“The Whole Book Thing. . .”

You probably read the January 5, 2007 Chronicle article in which college students were interviewed about their learning preferences and reading habits. A statement made by Sarah Mihelic., a communications major, stuck with me: “My dad is still into the whole book thing. He has not realized that the Internet kind of took the place of that.”

It’s not the message. It’s the delivery. By packaging it as “the whole book thing,” she has wrapped up the concept and placed it on display next to the brontosaurus over there in the corner. Both are curious kinds of things not really relevant — not even alive — to her.

Combine her sentiment with the Time Magazine announced Jan. 19 that it is cutting nearly 300 employees,including the most profitable publication, People, as it moves to invest more in its Web sites.”

My conclusion? http://www.nytimes.com/2007/01/19/business/media/19time.html?_r=2&ref=technology&o
The written word is alive and well. It’s just in a different location.

This is underscored in a mind-bending 32 page 2007 Horizon Report brought to our attention by collegewebeditor.com/blog

As editor Karine Joly says, this is a must read if you’re going to keep pace with the quickly changing ways of communicating. Reading this report was like stepping into Second Life and experiencing a lecture by Phillip K. Dick. (Notice I didn’t say “listen to a lecture.” PKD’s ideas are transmitted instantly as thought images complete with sound and emotional gradations shared by all in the virtual classroom).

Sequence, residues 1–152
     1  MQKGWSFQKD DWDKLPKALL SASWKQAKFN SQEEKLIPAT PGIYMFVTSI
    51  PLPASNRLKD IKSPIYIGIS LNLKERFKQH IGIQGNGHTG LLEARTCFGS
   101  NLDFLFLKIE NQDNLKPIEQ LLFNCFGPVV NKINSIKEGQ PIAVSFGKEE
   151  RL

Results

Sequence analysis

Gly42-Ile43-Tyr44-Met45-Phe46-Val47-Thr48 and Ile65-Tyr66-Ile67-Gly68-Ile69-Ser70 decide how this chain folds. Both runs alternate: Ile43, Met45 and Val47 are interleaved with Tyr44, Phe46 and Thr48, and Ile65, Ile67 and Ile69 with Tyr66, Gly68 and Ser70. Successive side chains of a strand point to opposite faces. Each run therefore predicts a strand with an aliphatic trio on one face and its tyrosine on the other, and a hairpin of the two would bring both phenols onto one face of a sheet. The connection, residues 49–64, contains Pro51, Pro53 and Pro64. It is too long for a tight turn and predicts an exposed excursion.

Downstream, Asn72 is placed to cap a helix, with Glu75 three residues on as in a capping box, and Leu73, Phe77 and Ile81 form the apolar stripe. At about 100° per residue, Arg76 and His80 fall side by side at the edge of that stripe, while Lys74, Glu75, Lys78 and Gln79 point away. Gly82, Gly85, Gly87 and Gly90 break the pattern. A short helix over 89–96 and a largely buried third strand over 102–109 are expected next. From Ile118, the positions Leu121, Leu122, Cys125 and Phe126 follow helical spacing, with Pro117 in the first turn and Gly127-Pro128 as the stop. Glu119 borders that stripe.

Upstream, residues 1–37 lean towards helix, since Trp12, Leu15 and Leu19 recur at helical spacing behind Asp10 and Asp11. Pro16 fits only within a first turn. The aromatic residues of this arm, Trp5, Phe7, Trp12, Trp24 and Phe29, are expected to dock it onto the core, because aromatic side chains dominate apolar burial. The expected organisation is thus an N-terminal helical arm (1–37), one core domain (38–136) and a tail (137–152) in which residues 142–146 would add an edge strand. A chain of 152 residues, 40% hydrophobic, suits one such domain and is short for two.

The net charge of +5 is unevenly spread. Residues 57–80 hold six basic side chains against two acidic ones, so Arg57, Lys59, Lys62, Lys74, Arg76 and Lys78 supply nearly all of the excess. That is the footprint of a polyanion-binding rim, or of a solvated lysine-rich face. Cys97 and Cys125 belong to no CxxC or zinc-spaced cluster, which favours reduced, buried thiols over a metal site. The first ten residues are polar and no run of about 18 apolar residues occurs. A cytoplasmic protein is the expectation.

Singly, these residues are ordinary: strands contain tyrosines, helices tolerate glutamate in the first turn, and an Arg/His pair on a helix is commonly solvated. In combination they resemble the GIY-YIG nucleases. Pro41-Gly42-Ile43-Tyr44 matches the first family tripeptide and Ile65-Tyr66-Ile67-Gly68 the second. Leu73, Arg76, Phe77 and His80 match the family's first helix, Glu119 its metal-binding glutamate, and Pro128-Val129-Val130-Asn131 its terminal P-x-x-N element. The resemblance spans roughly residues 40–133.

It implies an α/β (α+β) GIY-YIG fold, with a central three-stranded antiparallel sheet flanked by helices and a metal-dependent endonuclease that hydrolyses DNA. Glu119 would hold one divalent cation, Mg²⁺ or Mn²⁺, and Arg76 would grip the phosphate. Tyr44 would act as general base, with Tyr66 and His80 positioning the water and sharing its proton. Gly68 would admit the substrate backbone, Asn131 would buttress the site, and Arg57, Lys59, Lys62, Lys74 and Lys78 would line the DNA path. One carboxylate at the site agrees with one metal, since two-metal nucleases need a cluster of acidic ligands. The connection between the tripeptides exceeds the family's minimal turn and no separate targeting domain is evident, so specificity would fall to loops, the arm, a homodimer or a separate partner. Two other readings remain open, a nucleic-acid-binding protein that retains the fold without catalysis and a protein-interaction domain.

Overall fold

The report is a great primer for those just wading into the 2.0 world and those who are in up to their knees.

Okay, the Baby Boomers are the last generation to value reading words on paper as a way of gaining knowledge.

But I will admit, the evolving forms of education and knowledge sharing are really exciting, fast, and more democratic.

(Psst. Dad! I’m still into the whole book thing, too.)





3 responses to ““The Whole Book Thing. . .”

  1. Books can’t really be on the way out, because not everyone’s eyes can stand to read everything on a screen! Heck, I’m only nineteen, and mine can’t. Environment-conscious as I try to be, I still print out everything longer than 2 pages that I want to read.

    But maybe I’m just grasping.

  2. Thanks, elletrice. Your comment is very heartening!

  3. [quote]The written word is alive and well. It’s just in a different location.[/quote]

    Yes and no. I have yet to meet a teenager that has read a novel online. Many of the books commonly read in college are available full-text online yet very few of the students I have known for the past eight years have chosen a digital copy over forking-over money for the paper one. When I read the quote “the book thing,” I see more than just a medium. That girl is referring to writing that cannot be consumed in fifteen minutes or less. If that’s where future generations are headed (and I don’t believe it is), then it is the death of allot more than print-on-paper.

    When in high school, I had an open class period where I would read the newspaper in the library. Once I was approached by a fellow student who derided me, saying “You like to read, don’t you!” as an insult. “My dad is still into the whole book thing” rings the same in my ear.

    (Nice blog by the way!)

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